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Nutrition. This booklet especially designed for the British Olympic Association will provide nutrition and environmental information prior to the Beijing 2008 Games. Two endurance sports will be used as examples throughout this booklet, Marathon and the

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Introduction

For an athlete there is no greater honour than representing your country in the Olympic Games. The 2008 Games in Beijing, aims to be an exciting Far East experience with the Opening Ceremony on 8th August 2008. www.olmpic.org.uk Not only will the athletes have to worry about the competition on the day of the race but ,will compete also with the hostile weather conditions of the Far East. With temperatures averaging 26 degrees and humidity averaging 90%, these will test the athletes beyond their chosen event. www.ask.com/weather This booklet especially designed for the British Olympic Association will provide nutrition and environmental information prior to the Beijing 2008 Games. Two endurance sports will be used as examples throughout this booklet, Marathon and the road race. A wide range of sources will be used throughout, to offer the best advice for the Great Britain Team for successful Games. For the marathon and road racers it is advisable that they train during the evening where heat and humidity levels, this will minimize solar radiation. Averages for August Average High 29 �C Average Morning Rel Humidity 90.0% Average Low 21 �C Average Afternoon Rel Humidity 63.0% Average Mean Temperature 25 �C Typical Sky Cover Broken Average Dew Point 20 �C Average Precipitation - Average Windspeed 9.3 kph Average Snowfall - Average Wind Direction Source: www.ask.com/weather The main causes of fatigue are usually dehydration and carbohydrate depletion. However, thermoregulation will be a major factor of fatigue in Beijing. The athletes will face an enduring flight to Beijing from London. Minimum flight times are 13 hours with an expected stopover. It is advisable that athletes go to Beijing at least two weeks in advance not only to recover from this exhausting flight, but to adjust to the 7 hour time difference and for their bodies to adapt to the heat and humidity. The more their bodies are exposed to heat and humidity, sodium concentration in sweat decreases which will aid in conserving electrolytes, which will give them an advantage during training and on competition day. ...read more.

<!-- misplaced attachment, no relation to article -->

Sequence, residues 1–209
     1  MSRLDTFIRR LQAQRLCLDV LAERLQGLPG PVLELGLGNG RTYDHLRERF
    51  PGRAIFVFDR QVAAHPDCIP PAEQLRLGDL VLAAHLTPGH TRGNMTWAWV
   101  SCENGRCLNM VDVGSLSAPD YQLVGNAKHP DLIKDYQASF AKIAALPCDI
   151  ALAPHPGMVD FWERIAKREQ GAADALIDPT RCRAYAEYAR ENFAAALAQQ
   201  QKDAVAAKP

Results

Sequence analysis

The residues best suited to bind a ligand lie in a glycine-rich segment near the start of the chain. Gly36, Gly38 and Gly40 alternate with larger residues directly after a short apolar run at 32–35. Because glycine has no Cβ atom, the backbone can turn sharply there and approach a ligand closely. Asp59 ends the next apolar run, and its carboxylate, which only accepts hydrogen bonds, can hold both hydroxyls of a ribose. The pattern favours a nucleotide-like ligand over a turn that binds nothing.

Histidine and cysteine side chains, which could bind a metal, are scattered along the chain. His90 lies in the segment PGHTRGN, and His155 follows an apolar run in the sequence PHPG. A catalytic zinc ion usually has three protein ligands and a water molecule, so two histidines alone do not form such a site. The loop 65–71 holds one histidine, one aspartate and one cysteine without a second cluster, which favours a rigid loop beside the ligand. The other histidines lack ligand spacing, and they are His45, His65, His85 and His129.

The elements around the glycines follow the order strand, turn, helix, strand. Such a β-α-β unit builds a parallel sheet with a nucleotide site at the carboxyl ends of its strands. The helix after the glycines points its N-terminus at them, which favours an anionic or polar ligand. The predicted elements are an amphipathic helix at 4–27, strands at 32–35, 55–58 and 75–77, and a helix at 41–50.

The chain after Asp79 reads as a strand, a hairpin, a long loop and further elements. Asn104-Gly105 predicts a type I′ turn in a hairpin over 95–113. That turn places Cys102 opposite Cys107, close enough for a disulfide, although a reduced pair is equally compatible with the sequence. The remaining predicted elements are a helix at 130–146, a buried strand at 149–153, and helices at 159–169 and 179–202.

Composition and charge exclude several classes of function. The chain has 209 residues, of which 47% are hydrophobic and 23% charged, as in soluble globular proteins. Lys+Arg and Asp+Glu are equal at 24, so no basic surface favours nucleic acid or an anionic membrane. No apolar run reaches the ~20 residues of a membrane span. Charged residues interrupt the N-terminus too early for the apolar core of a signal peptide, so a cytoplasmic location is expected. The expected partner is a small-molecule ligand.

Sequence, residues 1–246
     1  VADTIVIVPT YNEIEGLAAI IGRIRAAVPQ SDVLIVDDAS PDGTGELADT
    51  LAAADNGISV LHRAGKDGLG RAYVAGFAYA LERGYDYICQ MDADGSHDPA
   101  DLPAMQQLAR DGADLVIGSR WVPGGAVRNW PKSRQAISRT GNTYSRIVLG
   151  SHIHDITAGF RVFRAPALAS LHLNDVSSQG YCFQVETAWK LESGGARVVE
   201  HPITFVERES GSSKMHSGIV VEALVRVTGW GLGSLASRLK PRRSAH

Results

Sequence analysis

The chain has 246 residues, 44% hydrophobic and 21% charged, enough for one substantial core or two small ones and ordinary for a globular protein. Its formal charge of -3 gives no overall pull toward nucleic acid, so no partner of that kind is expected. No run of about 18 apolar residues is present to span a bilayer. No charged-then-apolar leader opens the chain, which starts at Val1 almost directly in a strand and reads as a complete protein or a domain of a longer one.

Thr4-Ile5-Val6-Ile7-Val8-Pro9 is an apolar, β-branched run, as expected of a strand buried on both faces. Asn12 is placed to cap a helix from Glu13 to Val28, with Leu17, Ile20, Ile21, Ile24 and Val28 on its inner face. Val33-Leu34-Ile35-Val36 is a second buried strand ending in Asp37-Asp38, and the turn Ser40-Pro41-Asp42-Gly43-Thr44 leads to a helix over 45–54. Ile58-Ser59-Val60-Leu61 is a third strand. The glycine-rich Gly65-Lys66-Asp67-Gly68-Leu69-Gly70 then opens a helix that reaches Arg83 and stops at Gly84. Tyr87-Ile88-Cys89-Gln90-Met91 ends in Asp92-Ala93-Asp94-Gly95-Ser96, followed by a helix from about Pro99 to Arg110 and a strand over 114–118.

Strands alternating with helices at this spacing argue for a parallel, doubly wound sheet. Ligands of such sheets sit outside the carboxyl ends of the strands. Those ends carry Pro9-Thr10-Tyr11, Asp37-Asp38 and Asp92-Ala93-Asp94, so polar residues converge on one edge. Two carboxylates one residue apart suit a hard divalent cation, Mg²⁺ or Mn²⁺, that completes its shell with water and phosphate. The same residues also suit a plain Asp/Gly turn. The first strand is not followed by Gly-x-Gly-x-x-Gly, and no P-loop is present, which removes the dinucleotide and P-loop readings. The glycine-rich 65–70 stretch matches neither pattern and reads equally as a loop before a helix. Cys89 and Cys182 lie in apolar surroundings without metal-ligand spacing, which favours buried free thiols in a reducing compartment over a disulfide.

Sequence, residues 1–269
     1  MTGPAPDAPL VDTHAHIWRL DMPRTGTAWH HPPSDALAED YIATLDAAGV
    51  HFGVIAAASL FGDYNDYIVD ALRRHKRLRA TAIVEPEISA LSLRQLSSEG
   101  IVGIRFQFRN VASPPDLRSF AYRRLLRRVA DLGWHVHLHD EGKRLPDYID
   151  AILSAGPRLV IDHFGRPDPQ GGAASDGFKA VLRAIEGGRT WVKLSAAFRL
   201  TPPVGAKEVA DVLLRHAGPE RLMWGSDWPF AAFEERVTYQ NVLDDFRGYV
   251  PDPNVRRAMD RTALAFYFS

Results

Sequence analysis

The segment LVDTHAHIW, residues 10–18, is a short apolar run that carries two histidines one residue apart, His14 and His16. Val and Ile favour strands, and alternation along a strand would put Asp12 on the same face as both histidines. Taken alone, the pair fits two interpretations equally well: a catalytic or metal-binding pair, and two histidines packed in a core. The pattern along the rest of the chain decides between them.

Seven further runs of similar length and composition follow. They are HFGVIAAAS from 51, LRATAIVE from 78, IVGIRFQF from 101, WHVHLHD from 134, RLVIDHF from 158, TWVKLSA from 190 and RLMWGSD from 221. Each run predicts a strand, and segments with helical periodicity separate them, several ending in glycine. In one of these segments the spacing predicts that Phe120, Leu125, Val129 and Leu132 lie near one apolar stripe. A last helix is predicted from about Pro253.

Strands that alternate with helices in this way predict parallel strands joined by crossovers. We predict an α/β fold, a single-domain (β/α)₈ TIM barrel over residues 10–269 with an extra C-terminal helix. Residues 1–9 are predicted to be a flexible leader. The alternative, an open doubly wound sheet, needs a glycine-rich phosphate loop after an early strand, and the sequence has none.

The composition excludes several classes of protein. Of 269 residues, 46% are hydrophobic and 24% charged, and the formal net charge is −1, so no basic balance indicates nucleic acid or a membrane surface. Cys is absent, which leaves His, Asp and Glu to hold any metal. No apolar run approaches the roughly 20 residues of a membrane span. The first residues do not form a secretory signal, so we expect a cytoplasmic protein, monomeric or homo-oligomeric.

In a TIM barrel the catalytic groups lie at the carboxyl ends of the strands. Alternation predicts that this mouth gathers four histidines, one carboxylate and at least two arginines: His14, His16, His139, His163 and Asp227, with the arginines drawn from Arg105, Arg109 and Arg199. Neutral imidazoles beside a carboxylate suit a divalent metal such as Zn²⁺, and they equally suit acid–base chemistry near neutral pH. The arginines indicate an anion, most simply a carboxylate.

Middle